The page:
On 3rd November 2015 the House of Lords debated a motion from the Earl of Selborne, “That this House takes note of the Report of the Science and Technology Committee on The Resilience of the Electricity System”. The Bishop of Sheffield, Rt Revd Steven Croft, spoke in the debate to welcome the report, and stress the importance of supporting the steel industry whilst adhering to our climate change obligations.
The Lord Bishop of Sheffield: My Lords, along with many others, I warmly welcome this report and its principal recommendations. It seems to me to be clear and timely, and the issues it highlights for the United Kingdom in the medium term are very significant indeed. I particularly welcome, along with others, the recognition that the electricity market is now a managed market. I underline the statement in paragraph 37:
“Balancing security of supply, sustainability and affordability (the trilemma) is a first order issue for the Secretary of State”.
I will focus my remarks on two specific areas. The first is to highlight the importance of the needs of industry and manufacturing when looking at our future energy needs. It seems to me that this area is not addressed in sufficient depth in this otherwise excellent report. The future forecasts of energy consumption are largely focused on the demands of domestic consumers. The report focuses on the rise in the use of electric cars and heat pumps, and on the demand for more air conditioning—rightly so. But there is very little if anything about research into the future energy needs of the manufacturing sector, which is so critical to a rebalanced economy, particularly in the north of England.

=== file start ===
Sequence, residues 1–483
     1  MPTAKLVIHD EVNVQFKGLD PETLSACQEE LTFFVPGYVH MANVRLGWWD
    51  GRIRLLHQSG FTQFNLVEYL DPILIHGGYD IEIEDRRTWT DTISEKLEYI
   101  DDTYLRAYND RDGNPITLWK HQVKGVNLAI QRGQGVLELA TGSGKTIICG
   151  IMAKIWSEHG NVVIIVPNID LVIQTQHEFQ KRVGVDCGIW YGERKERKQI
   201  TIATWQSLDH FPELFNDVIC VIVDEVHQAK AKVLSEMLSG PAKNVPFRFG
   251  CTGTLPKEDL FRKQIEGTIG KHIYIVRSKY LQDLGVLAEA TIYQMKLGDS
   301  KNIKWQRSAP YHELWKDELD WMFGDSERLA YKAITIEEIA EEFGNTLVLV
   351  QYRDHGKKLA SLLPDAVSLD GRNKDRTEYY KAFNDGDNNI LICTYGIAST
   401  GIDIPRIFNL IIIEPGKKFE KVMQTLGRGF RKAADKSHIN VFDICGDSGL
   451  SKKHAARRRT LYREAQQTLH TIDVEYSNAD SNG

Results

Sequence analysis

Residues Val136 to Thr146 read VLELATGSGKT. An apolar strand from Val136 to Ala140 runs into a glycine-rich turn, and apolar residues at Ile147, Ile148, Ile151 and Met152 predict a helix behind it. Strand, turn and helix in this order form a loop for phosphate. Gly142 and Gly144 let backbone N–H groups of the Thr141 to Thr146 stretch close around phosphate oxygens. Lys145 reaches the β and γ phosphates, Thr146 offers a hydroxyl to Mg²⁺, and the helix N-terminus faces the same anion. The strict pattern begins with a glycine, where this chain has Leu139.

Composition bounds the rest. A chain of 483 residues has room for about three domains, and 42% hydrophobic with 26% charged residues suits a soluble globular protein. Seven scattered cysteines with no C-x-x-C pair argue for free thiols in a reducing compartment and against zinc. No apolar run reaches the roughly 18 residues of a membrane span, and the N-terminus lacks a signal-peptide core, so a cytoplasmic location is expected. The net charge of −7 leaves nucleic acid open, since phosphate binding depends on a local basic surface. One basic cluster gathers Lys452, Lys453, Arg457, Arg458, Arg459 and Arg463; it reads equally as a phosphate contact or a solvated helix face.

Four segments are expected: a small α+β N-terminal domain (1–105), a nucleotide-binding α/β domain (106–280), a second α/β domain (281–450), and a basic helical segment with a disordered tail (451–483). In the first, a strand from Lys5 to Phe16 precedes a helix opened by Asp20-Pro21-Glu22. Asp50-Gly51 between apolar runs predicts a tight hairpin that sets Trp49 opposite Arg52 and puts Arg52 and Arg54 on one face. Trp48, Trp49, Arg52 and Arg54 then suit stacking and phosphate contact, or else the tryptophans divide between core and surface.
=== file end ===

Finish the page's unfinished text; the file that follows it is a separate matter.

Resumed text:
Your Lordships will be all too familiar with the crisis facing the British steel industry. I made a visit in October, a few weeks ago, to Tata’s Speciality Steels in Stocksbridge, near Sheffield. I saw at first hand the process of rolling the steel made from recycled scrap metal into immense 60 or 80-metre bars, for use in parts for the aerospace, energy and car industries. The future supply and price of energy is vital to the future of the steel industry and of engineering in this country. In 1970, the industrial sector was responsible for 40% of final UK energy consumption. By 1990, this had fallen to 24%, and by 2014 to 17%. But manufacturing remains a vital part of our economy. Competitively priced electricity is essential.
Conversations with the senior team in Stocksbridge during my visit focused on future energy pricing and supply. The British steel industry currently pays much more for its energy than its competitors in Germany and the rest of Europe. The playing field is not level. According to Luis Sanz, managing director of Celsa, quoted in the Financial Times on 27 October, his company faces electricity bills of €68 per megawatt hour to run its steel plant in Cardiff. A similar operation in Germany would cost about €24 per megawatt hour.
The Government have promised a full package of measures for energy-intensive industry but only once they receive clearance from the EU on state aid rules. I do not believe we can wait any longer to bring this vital help to our steel industry. We have already seen the closure or reduction of plants in Redcar and Scunthorpe, with the consequent damage to communities and to Britain’s industrial base. I urge the Government to act and bring forward this support in the Chancellor’s Autumn Statement.
The present and future pricing of electricity in the reality of a managed market is very different for domestic consumers and for industry. Our industry is competing month by month for contracts in a global market. It is vital that manufacturing continues to grow again as part of our economy. Our energy pricing must take account of the needs of industry in the leadership offered by the Secretary of State across the sector.